Pulmonary surfactant deficiency caused by mutations in ABCA3 (ATP-binding cassette transporter of the A subfamily, member 3) gene results in diffuse parenchymal lung disease (DPLD) in children. So far, systemic steroids are the main treatment, with however limited efficacy. We report the case of a young boy showing a dramatic long-term improvement of respiratory disease by low-dose azithromycin (AZM) with no side effect after 6 years of treatment. Cellular and molecular studies are ongoing to progress in the understanding of the mechanisms involved. On behalf of the National Reference Center for rare lung diseases in France (Respirare, http://www.respirare.fr), clinical studies on AZM in various forms of DPLD in children have been initiated and should provide information on the types of paediatric DPLD that may benefit from this treatment.
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Mutations in ABCA3 (ATP-binding cassette transporter of the A subfamily, member 3) gene result in pulmonary surfactant deficiency and are associated with the development of diffuse parenchymal lung disease (DPLD) in children.1 So far, the treatment of this respiratory disorder has been limited to the use of systemic corticosteroids with, however, poor efficacy in most situations and ineluctable progression towards irreversible respiratory failure. Several novel therapeutical strategies aimed at restoring lung parenchyma homeostasis, are currently discussed. Potential candidates include macrolides.2 We report the first dramatic long-term improvement of respiratory disease by azithromycin (AZM) in a young boy with severe DPLD and documented mutations in ABCA3.
In 1999, a full-term born boy developed, a few hours after birth, severe DPLD with refractory hypoxaemia and pulmonary hypertension. He was admitted in the intensive care unit and needed a high-pressure mechanical ventilation for 2 weeks, with oxygen therapy up to 100% FiO2. Infectious search remained negative. Chest radiographs showed bilateral infiltrates consistent with DPLD, confirmed by CT. Because of the oxygen requirement and the respiratory distress persistence, an open lung biopsy was performed at the age of 4 months that revealed extensive alveolar septal thickening and hyperplasia of type 2 alveolar epithelial cells (AEC). Electron microscopic analysis showed the presence of abnormal lamellar bodies evocative of intracellular phospholipids accumulation. Supported by the familial history of unexplained chronic lung diseases in several members, of an older sister's death at the age of 7 months caused by respiratory failure, and of parental consanguinity, testing for genetic lung disorders was performed. No mutations in surfactant protein C and protein B genes were found. The search for ABCA3 mutational defects revealed a homozygous single nucleotide substitution leading to a histidine into aspartic acid in codon 253 (D253H). Familial genetic screening confirmed that the parents and the deceased sister carried, respectively, one and two ABCA3-D253H mutations. Monthly intravenous methylprednisolone pulses were initiated at the age of 4 months, with a dose of 30 mg/kg daily for three consecutive days, along with daily oral prednisone 2–0.5 mg/kg/J, continuous oxygen therapy and gastrostomy tube feeding. However, despite the high steroid regimen, the patient condition remained critical with resting tachypnoea, clubbing, diffuse crackles, severe hypoxaemia and poor growth curve. Chest CT performed at the age of 2 and 4 years showed similar diffuse bilateral infiltrates with ground glass pattern (figure 1).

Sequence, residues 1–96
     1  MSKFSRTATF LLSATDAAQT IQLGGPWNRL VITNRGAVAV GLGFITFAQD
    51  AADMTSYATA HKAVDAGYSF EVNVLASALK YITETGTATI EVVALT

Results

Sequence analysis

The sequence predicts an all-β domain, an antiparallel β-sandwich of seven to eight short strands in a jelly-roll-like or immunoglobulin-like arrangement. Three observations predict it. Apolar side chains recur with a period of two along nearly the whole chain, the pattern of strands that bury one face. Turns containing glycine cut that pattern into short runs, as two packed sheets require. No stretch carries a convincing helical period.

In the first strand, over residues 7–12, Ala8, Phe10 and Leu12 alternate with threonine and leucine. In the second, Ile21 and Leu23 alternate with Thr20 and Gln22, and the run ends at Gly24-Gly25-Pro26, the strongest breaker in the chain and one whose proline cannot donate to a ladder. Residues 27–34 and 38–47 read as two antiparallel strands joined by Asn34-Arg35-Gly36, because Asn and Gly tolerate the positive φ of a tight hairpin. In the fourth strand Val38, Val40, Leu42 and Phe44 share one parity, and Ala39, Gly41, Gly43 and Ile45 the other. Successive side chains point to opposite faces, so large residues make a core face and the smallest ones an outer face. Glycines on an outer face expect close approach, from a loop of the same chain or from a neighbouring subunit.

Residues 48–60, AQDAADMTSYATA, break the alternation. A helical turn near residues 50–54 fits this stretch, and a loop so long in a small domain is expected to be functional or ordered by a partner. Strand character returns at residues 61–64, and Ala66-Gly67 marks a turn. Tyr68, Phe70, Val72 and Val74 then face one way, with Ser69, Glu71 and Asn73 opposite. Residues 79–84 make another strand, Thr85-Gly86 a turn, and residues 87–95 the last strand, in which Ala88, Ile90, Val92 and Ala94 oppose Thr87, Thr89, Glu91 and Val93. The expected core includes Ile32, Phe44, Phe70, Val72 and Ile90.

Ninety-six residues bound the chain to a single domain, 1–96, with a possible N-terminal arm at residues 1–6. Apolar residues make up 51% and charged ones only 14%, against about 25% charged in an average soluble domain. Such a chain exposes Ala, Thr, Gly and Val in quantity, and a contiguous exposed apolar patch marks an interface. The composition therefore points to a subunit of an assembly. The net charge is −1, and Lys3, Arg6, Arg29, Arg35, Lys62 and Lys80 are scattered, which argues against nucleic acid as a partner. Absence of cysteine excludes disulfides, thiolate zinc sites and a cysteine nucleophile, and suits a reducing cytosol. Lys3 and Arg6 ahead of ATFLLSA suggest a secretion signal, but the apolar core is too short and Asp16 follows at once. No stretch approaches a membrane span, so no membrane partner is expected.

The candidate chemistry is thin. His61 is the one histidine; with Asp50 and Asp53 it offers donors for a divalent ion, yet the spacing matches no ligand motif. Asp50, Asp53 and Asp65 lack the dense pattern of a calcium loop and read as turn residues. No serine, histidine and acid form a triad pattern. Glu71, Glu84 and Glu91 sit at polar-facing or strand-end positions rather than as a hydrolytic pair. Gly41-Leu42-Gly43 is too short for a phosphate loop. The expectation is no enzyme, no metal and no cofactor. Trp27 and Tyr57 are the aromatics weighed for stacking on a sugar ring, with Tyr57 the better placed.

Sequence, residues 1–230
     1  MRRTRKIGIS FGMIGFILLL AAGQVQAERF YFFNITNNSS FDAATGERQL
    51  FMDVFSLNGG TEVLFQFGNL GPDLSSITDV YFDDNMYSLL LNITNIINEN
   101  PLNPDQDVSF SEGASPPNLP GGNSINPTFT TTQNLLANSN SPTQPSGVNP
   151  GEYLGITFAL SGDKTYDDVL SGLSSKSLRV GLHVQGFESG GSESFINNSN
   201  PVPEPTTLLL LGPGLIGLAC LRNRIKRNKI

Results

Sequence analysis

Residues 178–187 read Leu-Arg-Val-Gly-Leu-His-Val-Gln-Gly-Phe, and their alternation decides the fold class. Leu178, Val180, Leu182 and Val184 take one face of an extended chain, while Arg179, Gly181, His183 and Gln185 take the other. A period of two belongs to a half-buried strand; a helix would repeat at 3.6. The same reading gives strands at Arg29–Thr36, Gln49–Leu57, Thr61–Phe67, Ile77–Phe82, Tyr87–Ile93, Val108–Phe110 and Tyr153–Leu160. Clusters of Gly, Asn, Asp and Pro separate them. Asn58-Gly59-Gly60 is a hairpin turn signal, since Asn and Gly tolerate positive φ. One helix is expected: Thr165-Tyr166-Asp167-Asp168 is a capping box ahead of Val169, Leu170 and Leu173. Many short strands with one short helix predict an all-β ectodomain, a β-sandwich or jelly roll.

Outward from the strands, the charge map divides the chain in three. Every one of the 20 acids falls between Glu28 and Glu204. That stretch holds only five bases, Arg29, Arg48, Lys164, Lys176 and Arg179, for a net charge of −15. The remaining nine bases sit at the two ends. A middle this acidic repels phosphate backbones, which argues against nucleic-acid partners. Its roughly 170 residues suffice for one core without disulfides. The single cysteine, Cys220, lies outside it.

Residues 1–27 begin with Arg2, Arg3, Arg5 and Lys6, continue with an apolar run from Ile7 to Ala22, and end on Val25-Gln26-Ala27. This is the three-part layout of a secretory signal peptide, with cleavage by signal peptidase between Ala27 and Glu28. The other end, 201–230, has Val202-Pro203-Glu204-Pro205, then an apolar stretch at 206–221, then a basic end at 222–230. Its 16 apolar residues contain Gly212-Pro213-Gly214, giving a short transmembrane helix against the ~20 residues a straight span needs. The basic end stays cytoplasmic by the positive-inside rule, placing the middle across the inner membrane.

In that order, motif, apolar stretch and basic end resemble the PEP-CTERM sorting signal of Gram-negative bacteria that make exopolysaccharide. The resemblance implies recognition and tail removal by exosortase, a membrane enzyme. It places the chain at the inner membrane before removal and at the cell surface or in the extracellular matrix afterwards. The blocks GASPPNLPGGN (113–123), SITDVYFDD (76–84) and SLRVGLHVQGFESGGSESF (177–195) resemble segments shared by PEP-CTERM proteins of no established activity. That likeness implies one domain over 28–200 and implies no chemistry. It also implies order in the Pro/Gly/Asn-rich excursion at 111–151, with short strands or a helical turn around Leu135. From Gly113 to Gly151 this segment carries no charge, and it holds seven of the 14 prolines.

At the age of 6 years, his severe respiratory insufficiency despite the high corticosteroid regimen led us to introduce oral AZM at a dose of 20 mg/kg thrice a week.
Outcome and follow-up
Surprisingly, after only few weeks of AZM, parents reported a dramatic improvement of the child respiratory condition, and a significant decrease in resting tachypnoea and oxygen requirement was documented. After 10 months of macrolides, he was breathing room air and no longer received steroids. Arterial PaO2 progressively increased from 62 to 75 mm Hg. Nutritional support could progressively be stopped.
At the age of 12 years, after 6 years of good adherence to AZM treatment, the growth curve, clinical condition and the quality-of-life perception were good. Scholar course was normal. Neither pulmonary exacerbations nor adverse events were reported. The thoracic CT indicated partial clearing of the lung infiltrates (figure 1). Lung function tests documented normal lung volume parameters, diffusing capacity for carbon monoxide and blood gases. Medium overnight room air oxygen saturation was 96% (min 74%, max 99%, time duration under 88%=44 s=0.1% of time). Exercise training programme was started.